Orbison's version of "I Drove All Night" was produced by T Bone Burnett, and features his signature powerful vocals and a lush, atmospheric arrangement. The song is a passionate and driving rock ballad that tells the story of a man who is willing to go to great lengths to be reunited with his lover. The chorus, "I drove all night, crept in your room, woke you from your sleep, to make love to you", is a standout moment in the song, and showcases Orbison's ability to convey intense emotion through his singing.
Despite not being released until after Orbison's death, "I Drove All Night" has become one of his most popular and well-known songs. It has been covered by a number of artists, including Celine Dion, who had a hit with her version of the song in 2003. The song's enduring popularity is a testament to Orbison's timeless talent as a singer and performer.
The track can be found on the Orbison album "King Of Hearts".
Mean Woman Blues was actually written by Claude Demetrius and first recorded by Elvis Presley in 1957. However, Roy Orbison also recorded a version of the song in 1963, which became a hit for him.
Orbison's version of "Mean Woman Blues" was produced by Fred Foster for Monument Records, and features his trademark powerful vocals and a driving rock and roll rhythm. The song is a classic example of the rockabilly genre, and showcases Orbison's ability to infuse his own style and personality into well-known standards.
"Mean Woman Blues" was a commercial success for Orbison, reaching No. 5 on the UK Singles Chart and No. 11 on the US Billboard Hot 100 chart. The song's popularity helped solidify Orbison's status as one of the most distinctive and influential voices of his generation, and contributed to his lasting legacy as a pioneer of rock and roll music.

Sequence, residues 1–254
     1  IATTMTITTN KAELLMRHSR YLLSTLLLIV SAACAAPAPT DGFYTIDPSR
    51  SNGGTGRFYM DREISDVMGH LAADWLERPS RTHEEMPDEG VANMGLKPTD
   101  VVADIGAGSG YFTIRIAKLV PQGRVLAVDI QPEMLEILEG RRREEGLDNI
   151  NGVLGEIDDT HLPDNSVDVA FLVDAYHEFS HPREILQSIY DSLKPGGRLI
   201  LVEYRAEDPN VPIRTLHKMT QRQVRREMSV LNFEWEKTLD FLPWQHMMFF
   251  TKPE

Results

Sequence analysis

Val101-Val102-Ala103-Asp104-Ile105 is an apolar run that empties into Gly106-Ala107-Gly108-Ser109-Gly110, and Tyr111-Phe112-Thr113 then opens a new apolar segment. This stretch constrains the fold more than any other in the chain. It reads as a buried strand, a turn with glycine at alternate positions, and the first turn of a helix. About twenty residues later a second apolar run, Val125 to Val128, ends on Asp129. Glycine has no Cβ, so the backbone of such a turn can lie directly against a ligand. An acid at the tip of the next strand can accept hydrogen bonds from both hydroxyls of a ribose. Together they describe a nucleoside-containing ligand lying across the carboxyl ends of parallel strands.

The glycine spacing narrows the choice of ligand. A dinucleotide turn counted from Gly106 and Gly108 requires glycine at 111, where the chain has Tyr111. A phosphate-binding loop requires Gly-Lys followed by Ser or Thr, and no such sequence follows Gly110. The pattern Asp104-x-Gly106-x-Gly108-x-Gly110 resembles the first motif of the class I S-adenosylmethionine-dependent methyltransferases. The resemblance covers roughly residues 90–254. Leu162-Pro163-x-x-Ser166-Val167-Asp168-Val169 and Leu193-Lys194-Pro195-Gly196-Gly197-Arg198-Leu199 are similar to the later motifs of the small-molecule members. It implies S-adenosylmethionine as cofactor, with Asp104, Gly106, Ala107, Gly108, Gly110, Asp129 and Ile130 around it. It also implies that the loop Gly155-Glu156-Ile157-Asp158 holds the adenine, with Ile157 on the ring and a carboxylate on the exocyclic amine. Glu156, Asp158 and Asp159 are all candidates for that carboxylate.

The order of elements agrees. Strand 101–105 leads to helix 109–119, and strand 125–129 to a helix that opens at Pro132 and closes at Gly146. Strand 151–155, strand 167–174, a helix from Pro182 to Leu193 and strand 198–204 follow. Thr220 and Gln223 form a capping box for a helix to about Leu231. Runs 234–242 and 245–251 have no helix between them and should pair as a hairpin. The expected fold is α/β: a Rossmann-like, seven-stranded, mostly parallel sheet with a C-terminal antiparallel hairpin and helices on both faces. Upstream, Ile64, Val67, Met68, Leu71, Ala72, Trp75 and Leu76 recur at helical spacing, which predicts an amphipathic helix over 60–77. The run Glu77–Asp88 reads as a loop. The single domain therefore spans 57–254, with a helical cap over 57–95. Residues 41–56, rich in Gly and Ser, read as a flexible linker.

Interestingly, Orbison was known for his unique approach to covering other artists' songs, and was able to add his own personal touch to even the most well-known tracks. His version of "Mean Woman Blues" is a prime example of his ability to breathe new life into classic rock and roll songs, and helped establish him as one of the most innovative and creative musicians of his time.
Mean Woman Blues appeared in Elvis Presley's 1957 film "Loving You".
The song eventually appeared on the Roy Orbison album "The All-Time Greatest Hits Of Roy Orbison".
Only The Lonely was co-written by Roy Orbison with Joe Melson at a time when he did not have much success in the music biz during the early part of 1960.
They pitched the song to a guy named Elvis and a couple of brothers calling themselves The Everly Brothers, but both of them refused to record the song.
Roy Orbison's version of "Only The Lonely" was a huge success. The song was released in 1960 and reached number two on the Billboard Hot 100 chart, staying in the top 40 for 14 weeks. It also reached number one on the Cashbox Top 100 chart and number one on the UK Singles Chart.
The song's success helped establish Roy Orbison as a major recording artist and songwriter, and it was the first of many hits he would have throughout the 1960s. "Only The Lonely" has since become one of Orbison's signature songs and a classic of the rock and roll era.
When Elvis first heard the song, he bought a box of records and handed them out to friends.
The song can be found on Roy's album "Lonely And Blue".
Ooby Dooby is a rock and roll song written by Wade Lee Moore and Dick Penner and was first heard by Roy Orbison while in high school well before he got a record deal. Then it was first recorded by a band called The Teen Kings, featuring a young Roy Orbison on vocals, in 1956 on the Sun label, where Elvis and Johnny Cash first recorded.
The song has a catchy, upbeat rhythm and features Orbison's distinctive vocals, which would become a trademark of his later work. "Ooby Dooby" was a regional hit in Orbison's home state of Texas, and it helped to establish his career as a recording artist.
The song was later covered by several other artists, including Creedence Clearwater Revival, who had a hit with their version in 1972. "Ooby Dooby" remains a popular and enduring rock and roll classic, and it is often included in Orbison's live performances and retrospective compilation albums over the years.